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Shelter Belts

Blog

This page gives people a view into our daily lives living in the west of Ireland. It includes posts about our projects in the ceramic studio as well as projects in the garden, home and kitchen. 

 

Shelter Belts

Alexis Bowman

Steve, the kids and I have been planting a shelter belt in the empty field below our main plot. This field is currently a large expanse of mainly rushes & Gorse and it is totally exposed to the wind. It is very boggy and wet but regardless, it has huge potential. So we’d like to start improving it by planting a wind break on the south and west perimeters.

 We use black plastic to cover the earth around each baby tree to eliminate competition from surrounding weeds. 

We use black plastic to cover the earth around each baby tree to eliminate competition from surrounding weeds. 

An effective shelter belt in this region of Ireland (being coastal and very windy) should be planted at least 10 – 20 metres wide with plants spaced around 2 feet apart. Our shelter belt will be around 5 metres wide. Not ideal but still very effective.

Some good trees for this scenario with which we have used include Silver Poplar, Alder, Holly, Willow, Hawthorn, Fucshia and Monterey Cypress. In the winter months we collect more common species from wooded areas where there are plenty of small seedlings on the woodland floor.  We make a habit of always bringing a backpack when we go on family walks in the woods for this purpose. I brought the lesser common things like Silver Poplar and Monterey Cypress from Future Forests(http://www.futureforests.net/), where they go for a good price, especially if you buy them in bulk.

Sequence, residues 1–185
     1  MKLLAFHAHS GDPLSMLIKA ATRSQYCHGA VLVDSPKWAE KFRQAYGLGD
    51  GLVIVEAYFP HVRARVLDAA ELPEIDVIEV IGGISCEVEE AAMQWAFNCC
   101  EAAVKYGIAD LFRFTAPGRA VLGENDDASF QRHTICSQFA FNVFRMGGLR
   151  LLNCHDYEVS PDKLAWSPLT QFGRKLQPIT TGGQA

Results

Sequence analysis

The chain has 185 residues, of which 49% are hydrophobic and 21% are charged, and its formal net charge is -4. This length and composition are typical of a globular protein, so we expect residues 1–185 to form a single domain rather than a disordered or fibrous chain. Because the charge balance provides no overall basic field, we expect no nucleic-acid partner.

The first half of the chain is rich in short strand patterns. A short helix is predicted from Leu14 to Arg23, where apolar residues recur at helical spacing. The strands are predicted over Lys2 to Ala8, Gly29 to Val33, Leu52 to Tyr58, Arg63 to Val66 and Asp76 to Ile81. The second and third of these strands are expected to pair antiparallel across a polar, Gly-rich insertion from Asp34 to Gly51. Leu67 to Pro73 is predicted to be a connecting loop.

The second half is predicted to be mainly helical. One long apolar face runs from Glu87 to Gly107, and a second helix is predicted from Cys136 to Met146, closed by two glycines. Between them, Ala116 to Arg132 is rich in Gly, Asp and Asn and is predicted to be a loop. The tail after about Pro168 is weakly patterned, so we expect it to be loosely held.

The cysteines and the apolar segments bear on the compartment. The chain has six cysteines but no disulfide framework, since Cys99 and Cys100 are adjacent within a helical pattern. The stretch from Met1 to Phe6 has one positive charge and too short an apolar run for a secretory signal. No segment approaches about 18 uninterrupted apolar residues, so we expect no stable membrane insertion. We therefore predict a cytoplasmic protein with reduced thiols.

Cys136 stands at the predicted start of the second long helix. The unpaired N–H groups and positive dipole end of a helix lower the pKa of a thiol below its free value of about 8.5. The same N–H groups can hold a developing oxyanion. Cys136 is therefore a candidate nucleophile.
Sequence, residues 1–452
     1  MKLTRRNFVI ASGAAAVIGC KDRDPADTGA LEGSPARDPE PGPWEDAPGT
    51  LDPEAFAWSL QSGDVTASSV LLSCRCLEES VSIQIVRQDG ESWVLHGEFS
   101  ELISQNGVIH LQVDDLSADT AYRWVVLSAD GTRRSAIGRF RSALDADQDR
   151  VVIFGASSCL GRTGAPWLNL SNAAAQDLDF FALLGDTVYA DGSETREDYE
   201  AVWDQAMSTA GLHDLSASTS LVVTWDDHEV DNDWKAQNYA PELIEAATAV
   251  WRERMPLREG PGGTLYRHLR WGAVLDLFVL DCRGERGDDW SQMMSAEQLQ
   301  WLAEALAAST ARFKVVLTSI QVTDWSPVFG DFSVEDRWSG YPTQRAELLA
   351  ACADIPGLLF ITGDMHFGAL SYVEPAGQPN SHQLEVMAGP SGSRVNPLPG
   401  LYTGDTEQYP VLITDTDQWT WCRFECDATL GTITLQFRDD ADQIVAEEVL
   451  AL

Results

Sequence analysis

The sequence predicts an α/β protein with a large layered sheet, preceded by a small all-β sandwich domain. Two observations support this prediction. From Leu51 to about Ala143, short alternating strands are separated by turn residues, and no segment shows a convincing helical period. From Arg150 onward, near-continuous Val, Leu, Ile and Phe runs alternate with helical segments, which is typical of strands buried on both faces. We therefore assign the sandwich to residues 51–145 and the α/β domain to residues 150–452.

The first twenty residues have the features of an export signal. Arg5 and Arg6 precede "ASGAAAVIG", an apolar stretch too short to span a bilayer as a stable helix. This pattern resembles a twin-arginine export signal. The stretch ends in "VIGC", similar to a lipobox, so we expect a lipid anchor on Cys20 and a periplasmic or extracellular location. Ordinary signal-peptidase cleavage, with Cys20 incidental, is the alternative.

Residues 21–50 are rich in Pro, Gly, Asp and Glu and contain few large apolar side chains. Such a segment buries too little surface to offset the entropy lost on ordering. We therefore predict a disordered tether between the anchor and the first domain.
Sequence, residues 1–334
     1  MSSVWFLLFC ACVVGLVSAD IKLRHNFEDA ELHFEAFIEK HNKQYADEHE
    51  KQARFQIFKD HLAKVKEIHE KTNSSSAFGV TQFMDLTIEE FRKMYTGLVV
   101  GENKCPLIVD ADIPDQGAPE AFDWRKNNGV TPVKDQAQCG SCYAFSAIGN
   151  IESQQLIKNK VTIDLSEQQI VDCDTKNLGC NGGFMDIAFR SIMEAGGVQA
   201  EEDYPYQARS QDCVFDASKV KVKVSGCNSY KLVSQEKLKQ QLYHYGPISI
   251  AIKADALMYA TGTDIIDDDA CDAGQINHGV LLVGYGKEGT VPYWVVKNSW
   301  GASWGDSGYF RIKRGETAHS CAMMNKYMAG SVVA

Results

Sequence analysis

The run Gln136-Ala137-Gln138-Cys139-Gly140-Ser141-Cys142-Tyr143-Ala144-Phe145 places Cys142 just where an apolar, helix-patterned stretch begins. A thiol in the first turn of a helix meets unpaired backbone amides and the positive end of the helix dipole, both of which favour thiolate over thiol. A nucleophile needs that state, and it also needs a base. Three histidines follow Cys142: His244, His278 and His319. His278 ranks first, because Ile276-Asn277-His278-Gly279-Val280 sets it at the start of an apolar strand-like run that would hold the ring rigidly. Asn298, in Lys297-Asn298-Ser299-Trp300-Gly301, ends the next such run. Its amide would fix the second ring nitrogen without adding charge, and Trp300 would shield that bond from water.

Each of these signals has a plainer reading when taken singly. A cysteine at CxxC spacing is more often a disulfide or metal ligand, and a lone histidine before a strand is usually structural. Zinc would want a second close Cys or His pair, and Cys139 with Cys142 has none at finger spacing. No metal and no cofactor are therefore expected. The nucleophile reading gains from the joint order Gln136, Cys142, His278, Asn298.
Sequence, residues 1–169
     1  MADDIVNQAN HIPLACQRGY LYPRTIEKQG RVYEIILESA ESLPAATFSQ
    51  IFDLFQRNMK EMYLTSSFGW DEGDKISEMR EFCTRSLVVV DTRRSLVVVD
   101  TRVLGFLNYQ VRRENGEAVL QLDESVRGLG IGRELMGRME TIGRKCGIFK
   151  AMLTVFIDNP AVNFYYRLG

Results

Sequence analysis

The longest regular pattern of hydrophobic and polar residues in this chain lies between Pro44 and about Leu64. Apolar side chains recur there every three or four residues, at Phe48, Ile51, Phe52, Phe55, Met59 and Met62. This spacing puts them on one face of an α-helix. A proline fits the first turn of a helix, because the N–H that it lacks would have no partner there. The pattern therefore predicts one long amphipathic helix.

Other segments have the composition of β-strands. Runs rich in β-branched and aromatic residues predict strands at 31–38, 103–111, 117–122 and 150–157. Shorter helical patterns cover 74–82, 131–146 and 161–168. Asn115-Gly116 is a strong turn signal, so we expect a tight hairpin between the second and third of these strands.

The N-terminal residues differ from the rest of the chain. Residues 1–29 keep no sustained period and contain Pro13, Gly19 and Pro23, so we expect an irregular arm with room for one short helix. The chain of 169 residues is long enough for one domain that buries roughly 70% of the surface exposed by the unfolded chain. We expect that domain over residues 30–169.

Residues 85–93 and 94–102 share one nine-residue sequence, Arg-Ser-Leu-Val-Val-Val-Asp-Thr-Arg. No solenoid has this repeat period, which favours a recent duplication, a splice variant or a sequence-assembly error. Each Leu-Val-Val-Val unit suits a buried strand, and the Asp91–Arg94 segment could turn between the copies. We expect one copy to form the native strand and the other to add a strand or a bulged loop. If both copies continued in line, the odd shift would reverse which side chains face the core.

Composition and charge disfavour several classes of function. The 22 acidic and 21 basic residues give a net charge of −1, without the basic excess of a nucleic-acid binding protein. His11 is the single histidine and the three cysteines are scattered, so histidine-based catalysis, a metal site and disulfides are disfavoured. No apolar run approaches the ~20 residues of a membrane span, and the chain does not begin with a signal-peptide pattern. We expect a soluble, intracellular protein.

The vegetable garden was also in need of some wind protection so we planted a nice little selection of things up on the adjacent western ditch. These include lots of white thorn, gorse, holly, sea buckthorn (which can be invasive), cotoneaster (to fall down over the ditch) and Willow. We’d like them to develop quickly so we have layered landscaping material down along the full length of the ditch to eliminate competition from any surrounding weeds. Laying plastic down over the top of these plants was a fiddly job. We had to cut a hole in the plastic for each plant and then thread it thru (not so easy with thorny bushes). We also erected wind shield netting. This is another fiddly job. We had to thread wire down along the top and bottom of the entire length of fencing. Steve then made the wire very taught using a tension device.

This fencing will be put to the test when we are hit with our next gale force winds. Hopefully it holds itself well.